“Obamacare? Expensive?” says a photo-quotation mashup that a reader sent us on Facebook.
Beneath a photo of President George W. Bush making a face, the caption reads, “Bush’s Medicare D was far more expensive than the Affordable Care Act, and, unlike the ACA, was never budgeted.”
The Facebook-shared image is unattributed, but its caption tracks word-for-word with an Oct. 18, 2013, tweet and blog post by writer and pundit Andrew Sullivan.
Sullivan’s post doesn’t elaborate on Part D — Medicare’s prescription drug program, created in 2003.
But others have made similar comparisons.
Economist Paul Krugman wrote in a Dec. 29, 2009, New York Times blog entry about “the trouble Republicans have been having as they try to explain why, if they consider the fully-funded, deficit-reducing Democratic health care reform unaffordable, they voted for the completely unfunded Medicare drug benefit six years ago.”
Did Congress “budget” enough for the promises made under the Obamacare law but not those in Medicare Part D — and was Part D “far more expensive”?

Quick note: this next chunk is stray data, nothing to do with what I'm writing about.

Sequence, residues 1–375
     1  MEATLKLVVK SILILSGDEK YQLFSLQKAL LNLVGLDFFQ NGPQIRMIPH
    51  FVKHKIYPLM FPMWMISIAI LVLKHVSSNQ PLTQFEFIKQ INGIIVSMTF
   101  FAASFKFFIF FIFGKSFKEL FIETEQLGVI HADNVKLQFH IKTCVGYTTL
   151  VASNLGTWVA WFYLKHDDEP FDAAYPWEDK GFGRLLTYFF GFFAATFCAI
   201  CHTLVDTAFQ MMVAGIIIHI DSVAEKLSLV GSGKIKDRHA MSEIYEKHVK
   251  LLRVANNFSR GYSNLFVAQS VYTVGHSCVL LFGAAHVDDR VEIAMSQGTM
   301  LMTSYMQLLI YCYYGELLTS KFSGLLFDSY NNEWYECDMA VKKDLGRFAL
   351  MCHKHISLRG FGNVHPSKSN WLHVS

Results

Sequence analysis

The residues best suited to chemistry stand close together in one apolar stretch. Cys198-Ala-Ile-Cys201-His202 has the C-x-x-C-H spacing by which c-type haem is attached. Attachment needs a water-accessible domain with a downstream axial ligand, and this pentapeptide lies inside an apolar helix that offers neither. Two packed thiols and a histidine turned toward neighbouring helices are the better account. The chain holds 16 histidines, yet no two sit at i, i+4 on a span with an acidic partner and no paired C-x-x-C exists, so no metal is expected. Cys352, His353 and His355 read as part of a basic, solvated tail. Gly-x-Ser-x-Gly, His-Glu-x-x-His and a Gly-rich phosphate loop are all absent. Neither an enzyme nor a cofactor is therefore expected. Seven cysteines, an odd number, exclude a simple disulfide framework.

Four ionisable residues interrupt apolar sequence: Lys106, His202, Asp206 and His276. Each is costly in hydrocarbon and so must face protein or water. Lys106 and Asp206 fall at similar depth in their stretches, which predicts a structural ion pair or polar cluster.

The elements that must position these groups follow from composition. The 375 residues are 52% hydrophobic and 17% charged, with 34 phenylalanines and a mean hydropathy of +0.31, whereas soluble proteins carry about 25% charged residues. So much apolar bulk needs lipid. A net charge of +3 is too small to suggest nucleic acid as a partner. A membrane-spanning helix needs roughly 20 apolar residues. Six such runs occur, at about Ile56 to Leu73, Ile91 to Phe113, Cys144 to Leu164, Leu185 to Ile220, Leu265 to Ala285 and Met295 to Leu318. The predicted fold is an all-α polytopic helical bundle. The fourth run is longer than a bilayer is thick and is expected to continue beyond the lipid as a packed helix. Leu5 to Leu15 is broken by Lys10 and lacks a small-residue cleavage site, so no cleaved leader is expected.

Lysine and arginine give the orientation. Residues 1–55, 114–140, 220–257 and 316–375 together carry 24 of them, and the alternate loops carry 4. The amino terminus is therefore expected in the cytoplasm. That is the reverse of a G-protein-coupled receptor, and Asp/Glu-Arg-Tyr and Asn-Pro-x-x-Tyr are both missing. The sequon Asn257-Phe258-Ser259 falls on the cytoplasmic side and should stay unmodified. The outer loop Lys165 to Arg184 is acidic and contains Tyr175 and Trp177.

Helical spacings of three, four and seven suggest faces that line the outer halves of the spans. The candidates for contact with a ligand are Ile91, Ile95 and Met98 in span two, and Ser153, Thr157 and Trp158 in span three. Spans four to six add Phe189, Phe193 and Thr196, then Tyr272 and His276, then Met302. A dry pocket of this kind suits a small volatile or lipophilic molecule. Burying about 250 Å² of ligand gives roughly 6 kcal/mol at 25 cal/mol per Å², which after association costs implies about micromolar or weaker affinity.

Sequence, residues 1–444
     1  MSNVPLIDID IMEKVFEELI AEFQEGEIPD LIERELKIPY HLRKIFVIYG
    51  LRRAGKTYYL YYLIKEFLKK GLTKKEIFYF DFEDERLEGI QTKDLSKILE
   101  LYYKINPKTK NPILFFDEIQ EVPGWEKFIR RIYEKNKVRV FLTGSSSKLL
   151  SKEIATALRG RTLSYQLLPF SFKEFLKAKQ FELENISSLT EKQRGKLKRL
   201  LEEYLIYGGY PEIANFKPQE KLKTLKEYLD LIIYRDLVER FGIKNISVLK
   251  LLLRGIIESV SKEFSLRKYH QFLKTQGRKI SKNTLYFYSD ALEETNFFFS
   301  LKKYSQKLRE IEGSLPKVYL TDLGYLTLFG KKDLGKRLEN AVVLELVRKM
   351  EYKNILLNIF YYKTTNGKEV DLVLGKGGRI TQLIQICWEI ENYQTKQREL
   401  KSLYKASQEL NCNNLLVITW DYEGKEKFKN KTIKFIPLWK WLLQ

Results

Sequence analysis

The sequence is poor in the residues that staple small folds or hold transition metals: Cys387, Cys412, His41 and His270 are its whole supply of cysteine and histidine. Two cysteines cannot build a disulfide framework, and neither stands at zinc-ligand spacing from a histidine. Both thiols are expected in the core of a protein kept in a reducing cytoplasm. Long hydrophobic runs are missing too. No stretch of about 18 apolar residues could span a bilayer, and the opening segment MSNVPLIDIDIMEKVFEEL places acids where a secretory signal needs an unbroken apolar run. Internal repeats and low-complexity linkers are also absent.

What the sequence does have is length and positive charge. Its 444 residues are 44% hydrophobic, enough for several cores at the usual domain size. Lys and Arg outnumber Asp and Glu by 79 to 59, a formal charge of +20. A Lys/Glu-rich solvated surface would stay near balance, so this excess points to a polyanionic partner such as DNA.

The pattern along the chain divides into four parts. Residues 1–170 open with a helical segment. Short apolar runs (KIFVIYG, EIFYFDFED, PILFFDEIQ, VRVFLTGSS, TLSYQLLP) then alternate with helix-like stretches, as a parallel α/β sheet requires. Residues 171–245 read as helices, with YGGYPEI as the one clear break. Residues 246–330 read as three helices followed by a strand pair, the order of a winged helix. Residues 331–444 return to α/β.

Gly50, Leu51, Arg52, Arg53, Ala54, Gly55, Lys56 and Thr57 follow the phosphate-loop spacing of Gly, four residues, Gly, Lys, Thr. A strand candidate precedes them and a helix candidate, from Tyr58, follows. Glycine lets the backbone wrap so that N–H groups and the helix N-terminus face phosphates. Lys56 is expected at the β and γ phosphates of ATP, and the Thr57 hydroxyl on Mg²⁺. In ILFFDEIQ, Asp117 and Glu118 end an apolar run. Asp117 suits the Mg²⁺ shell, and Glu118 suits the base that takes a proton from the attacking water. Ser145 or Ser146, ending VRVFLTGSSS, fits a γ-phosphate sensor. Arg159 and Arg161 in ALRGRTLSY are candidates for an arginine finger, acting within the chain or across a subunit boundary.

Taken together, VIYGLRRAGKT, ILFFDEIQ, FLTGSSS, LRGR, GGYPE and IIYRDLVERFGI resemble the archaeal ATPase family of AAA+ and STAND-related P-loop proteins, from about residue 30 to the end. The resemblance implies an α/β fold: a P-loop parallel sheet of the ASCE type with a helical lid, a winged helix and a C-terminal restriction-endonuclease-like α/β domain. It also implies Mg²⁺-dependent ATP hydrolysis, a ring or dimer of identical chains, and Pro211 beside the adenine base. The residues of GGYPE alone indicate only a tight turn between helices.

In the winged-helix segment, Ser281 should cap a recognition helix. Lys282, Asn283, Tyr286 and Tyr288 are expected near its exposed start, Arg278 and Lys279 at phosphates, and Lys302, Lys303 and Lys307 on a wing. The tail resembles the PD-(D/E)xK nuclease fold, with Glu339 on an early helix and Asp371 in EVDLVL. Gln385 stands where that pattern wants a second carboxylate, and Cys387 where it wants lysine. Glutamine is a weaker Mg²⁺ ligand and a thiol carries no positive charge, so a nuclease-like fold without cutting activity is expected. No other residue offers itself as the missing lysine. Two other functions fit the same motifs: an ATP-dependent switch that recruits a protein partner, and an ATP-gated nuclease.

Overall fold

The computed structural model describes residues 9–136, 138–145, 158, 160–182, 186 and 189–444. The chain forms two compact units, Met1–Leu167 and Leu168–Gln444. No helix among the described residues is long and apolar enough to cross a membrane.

Via e-mail, Krugman told us, “Not sure about what ‘never budgeted’ means, or exactly how ‘more expensive’ is defined. But the ACA designated cost savings and revenues to pay for the outlays; Part D just specified outlays with no offset.”
Alan Auerbach, an economist at the University of California-Berkeley and research associate at the National Bureau of Economic Research (a nonprofit, nonpartisan organization), told us by email, “It’s certainly true that the ACA was funded while Medicare Part D was not.”
Part D is an optional insurance program for prescription drugs for senior citizens on Medicare. Private insurance companies offer a variety of plans subsidized by the government, and beneficiaries get to choose the plan that’s best for them. Obamacare requires Americans to buy health insurance, extends Medicare to cover more people and makes numerous other changes.